How to bring up a creative child? - Canpol's Mums advise - Canpol

Advice from Canpol's experienced mothers.

How to bring up a creative child?

When I was pregnant, I was thinking about how I would like to bring my baby up. How I would like him to behave, what features to have. It resulted in 5 features, about which I thought most often: independent, disciplined, friendly, emphatic and creative. And that last one intrigued me the most, as how can you bring up a creative child? Is there a subject like that at kindergarten or school? No, not yet, at least not in Poland. I started to look for optional activities for babies, read newspapers, watch programmes and ask instructors at classes developing creativity in children. Below I listed the conclusions from my research.

1. Let the child imagine and fantasise. Imagining things is a natural activity, which "takes first steps" (starts to develop) in children from 1 to 3 years of age. Your task is not to deny whatever your child says or makes up. Do not mock it, even if you think it ridiculous. Let your child fantasise. Why? What is a role of imagination in stimulating the creativity? People with rich imagination use it for unconventional problem solving. By combining knowledge, experience and imagination new and astonishing solutions are created. During childhood imagination helps to invent , e.g. new games. Your child will not be whining there is nothing interesting to be done. Even when the tot is on his own (is an only child or his siblings are much younger), he will always find a way to enjoy himself. Imagination helps the child to see in his mind what he will later, e.g., build or draw.

2. Let the child to have an imaginary friend. This part is connected to the previous one, as it is the children with rich imagination who have imaginary friends. Why should you allow that? Is it really good for your child? The "invisible" friend helps your child to develop not only his creativity but also language. The child talks a lot with his "friend" and then passes all the news to his parents.

3. Let him do nothing, i.e. do not try to fill every moment with activities or tasks. Such moment is a time for development of creativity in the child. It is the time when the child does not have to do anything. When he has time to feel free and relaxed, then he begins to think, he does not limit himself in finding ways to enjoy himself. As I have written earlier, the child can invent his own games. Such games do not necessarily have to resemble any game you know. It may be something new, going beyond previous schemes. What can you do in such situation? Accept those games the child invents (provided, of course, they do not pose a risk to his safety). Encourage to experiment, when you see the child seeks new ways to use a toy. Do not show him a correct way immediately. Allow him to try and discover some things on his own. Maybe your child will surprise you with a new way or game?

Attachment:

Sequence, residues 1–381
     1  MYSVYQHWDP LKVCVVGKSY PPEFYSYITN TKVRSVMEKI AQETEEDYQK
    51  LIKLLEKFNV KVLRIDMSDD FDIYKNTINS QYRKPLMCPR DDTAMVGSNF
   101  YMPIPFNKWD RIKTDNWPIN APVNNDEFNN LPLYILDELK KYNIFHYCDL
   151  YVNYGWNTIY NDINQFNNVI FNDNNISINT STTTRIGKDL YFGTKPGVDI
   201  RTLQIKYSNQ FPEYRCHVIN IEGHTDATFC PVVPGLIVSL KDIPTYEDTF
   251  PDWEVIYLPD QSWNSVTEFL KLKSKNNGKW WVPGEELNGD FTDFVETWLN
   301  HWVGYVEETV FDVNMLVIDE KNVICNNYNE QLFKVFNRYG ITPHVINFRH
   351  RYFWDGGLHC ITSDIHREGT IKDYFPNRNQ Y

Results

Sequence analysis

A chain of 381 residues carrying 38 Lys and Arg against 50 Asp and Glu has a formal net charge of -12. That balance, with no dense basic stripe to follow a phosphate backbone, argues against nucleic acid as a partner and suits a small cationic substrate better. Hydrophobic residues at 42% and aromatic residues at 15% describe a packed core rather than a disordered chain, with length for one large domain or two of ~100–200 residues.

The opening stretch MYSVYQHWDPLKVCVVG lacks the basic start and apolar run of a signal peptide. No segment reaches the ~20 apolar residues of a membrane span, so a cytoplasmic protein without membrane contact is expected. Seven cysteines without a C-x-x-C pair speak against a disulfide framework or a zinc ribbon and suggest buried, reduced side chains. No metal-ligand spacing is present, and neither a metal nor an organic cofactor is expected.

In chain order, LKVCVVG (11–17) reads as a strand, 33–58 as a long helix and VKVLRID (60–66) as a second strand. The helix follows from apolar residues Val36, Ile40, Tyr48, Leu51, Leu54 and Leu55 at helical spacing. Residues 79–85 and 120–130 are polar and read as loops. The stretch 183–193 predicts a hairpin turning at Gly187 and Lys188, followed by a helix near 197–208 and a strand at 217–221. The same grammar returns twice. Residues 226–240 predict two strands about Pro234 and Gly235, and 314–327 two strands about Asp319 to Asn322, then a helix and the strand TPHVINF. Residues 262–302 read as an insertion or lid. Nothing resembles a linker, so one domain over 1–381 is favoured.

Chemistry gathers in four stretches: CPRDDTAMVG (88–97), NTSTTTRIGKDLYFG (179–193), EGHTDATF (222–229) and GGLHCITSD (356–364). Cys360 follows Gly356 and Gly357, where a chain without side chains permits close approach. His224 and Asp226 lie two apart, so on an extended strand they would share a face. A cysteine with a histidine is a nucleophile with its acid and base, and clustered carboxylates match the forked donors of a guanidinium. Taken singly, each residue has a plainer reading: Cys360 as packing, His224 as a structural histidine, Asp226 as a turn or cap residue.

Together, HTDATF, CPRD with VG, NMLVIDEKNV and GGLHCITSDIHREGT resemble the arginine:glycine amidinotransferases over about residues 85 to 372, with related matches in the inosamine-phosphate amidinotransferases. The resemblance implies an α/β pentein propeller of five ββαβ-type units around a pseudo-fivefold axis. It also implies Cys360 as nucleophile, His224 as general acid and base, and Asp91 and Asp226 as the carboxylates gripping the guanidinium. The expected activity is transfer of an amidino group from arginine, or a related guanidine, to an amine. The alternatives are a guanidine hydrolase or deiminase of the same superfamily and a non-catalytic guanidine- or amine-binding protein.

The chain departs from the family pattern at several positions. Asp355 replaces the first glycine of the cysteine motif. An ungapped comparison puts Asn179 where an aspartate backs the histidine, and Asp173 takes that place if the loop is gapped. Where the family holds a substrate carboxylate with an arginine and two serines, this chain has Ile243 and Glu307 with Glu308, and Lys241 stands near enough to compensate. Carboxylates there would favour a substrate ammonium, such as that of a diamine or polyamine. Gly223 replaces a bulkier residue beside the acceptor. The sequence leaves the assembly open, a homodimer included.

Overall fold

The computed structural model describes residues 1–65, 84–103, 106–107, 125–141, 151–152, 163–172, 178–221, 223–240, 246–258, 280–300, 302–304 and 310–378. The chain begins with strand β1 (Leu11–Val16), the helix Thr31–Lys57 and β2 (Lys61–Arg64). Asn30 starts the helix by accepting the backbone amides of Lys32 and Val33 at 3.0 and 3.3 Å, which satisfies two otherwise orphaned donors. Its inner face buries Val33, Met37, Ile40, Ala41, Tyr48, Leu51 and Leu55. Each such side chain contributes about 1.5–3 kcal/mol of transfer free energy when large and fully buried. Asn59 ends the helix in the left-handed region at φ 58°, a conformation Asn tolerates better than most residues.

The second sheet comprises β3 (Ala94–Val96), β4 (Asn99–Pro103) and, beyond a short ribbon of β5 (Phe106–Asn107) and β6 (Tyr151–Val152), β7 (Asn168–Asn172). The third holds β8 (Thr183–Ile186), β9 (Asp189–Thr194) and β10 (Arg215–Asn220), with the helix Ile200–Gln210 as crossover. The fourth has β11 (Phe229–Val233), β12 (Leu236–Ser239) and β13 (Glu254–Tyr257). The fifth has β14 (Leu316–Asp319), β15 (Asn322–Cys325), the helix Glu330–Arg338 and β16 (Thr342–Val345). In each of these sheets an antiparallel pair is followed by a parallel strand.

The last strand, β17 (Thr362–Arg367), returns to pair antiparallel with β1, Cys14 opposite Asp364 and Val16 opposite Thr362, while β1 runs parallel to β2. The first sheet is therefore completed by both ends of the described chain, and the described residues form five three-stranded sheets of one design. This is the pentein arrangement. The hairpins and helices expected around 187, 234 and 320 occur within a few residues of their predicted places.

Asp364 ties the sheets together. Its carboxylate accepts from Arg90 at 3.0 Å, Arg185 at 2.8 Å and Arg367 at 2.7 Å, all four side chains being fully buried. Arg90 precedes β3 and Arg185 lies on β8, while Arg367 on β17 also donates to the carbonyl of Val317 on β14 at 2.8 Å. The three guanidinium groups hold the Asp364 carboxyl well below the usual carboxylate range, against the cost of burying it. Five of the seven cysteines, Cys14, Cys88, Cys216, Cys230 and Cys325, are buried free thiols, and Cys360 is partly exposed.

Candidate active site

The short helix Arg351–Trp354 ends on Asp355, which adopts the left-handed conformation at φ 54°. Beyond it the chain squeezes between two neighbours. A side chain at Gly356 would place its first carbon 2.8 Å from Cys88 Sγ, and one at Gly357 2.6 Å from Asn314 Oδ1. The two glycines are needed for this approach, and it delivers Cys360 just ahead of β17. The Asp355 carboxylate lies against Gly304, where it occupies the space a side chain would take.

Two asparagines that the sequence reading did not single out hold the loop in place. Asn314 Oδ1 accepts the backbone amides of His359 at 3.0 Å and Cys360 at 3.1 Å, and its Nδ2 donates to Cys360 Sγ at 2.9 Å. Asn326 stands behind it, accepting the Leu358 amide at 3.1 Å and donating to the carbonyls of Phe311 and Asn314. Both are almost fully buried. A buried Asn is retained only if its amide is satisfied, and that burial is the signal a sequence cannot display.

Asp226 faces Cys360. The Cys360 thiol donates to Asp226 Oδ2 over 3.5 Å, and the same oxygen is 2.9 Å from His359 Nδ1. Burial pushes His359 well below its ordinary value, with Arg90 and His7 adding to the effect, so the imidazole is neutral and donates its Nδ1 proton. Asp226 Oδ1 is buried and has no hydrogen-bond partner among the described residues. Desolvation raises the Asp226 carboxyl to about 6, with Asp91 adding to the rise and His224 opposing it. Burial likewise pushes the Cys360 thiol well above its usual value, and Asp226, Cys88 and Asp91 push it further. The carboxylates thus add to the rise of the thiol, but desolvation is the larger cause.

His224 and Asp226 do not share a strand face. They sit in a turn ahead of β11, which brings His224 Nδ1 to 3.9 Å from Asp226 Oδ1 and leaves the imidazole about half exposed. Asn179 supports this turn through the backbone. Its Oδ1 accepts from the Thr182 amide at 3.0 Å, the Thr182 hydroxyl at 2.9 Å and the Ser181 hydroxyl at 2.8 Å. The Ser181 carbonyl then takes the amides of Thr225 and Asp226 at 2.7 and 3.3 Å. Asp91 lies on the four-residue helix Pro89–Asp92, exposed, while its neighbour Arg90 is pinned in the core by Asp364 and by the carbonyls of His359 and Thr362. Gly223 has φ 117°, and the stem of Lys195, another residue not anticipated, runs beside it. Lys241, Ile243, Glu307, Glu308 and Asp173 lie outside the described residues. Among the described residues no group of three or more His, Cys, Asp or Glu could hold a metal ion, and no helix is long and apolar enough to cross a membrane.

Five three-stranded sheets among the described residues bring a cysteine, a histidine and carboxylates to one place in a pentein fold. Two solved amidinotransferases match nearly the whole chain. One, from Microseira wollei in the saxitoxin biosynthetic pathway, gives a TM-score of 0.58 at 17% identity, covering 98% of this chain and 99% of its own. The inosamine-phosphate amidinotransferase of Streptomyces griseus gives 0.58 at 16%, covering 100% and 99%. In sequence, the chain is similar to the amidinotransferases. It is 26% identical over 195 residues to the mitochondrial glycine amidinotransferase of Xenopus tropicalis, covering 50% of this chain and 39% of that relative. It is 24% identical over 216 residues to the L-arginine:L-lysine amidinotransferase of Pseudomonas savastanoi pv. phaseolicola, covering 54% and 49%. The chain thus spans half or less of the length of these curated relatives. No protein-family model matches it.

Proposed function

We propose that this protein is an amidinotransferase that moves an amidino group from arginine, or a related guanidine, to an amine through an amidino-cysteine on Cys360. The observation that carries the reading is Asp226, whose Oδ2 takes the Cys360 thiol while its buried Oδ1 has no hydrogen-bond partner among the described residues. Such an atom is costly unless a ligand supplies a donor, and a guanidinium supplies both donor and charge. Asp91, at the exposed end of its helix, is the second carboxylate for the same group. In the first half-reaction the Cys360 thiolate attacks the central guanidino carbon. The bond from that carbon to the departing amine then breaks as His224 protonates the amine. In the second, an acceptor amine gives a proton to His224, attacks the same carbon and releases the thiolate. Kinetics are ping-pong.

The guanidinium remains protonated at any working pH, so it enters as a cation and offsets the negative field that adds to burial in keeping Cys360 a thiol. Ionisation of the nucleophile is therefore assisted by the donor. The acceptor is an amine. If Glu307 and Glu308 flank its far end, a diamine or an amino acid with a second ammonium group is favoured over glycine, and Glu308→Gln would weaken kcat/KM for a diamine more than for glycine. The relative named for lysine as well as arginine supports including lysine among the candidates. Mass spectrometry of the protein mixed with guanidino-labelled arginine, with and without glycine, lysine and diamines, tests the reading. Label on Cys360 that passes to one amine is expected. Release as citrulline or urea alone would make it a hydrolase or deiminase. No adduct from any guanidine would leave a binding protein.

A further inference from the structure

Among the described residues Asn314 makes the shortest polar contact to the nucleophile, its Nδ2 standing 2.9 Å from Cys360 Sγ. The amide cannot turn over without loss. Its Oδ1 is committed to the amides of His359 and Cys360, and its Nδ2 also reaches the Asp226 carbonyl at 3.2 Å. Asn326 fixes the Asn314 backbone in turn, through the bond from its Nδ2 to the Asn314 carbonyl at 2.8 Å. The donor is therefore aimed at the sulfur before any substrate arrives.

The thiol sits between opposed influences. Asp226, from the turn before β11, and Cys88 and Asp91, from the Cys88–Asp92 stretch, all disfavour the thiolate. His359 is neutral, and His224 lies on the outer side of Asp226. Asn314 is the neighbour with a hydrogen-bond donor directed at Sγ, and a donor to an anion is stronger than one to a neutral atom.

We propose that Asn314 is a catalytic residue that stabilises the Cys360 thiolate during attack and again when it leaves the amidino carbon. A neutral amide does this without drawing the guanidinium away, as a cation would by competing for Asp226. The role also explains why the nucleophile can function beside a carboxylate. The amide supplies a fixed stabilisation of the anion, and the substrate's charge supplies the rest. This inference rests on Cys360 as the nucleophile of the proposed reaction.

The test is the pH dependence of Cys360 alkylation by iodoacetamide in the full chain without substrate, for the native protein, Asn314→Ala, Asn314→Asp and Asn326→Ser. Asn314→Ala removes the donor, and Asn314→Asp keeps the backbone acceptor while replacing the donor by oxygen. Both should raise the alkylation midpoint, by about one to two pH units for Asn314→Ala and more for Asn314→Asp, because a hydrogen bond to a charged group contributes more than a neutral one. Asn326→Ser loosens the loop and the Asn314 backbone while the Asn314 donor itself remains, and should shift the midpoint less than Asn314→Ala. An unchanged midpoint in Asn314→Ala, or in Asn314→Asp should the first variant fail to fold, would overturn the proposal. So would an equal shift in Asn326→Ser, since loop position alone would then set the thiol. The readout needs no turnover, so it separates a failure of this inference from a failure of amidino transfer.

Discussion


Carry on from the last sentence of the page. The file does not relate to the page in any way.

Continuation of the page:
4. Let the child do certain things his own way. When you play together, let him do various things the way he can do them. Following the child around and saying "this is wrong", "it is incorrect" makes no sense. By rebuking you will only discourage the child from new attempts. When he draws something, let him draw whatever he wants, do not choose a subject or colours for him. The same rule applies to sculpting or cutting out things. Do not dictate to the child what he should do. If he can choose a toy he wants to play with, do not force on him another one. Let him use his own methods, ideas and solutions. Do not do things in his stead, it is better the child glues something onto a paper clumsily rather than you do it for him. Of course, you can propose toys or plays to the child, but do not force them on him; if he does not want to play with it, simply give it up. Try again some other time.

6. Do not bury the child under lots of toys. Birthdays, Christmas, and the room is filled with toys that the child does not even touch. Sometimes it does not make any sense to spend loads of money on expensive toys, when you can develop creativity with what you have at home. Together with the child you can make a toy from whatever you have at hand. You can use toys that are already there at home. For most games engaging the imagination you do not really need gadgets from a shop. Theatre game? Let the toys be actors, and the scene can be made of chairs and a blanket. Organising an orchestra? Use pots and saucepans to make instruments. Finding new uses for old things develops creativity and evokes positive emotions.

At the end of my search I thought it was not so difficult after all. Many of those rules I planned to apply anyway. Some tips helped me to look at upbringing from a different angle. I hope the things I wrote will also make it an interesting experience for you.


Mum of 5 year old Daria and 2 year old Lenka, 16 years of professional experience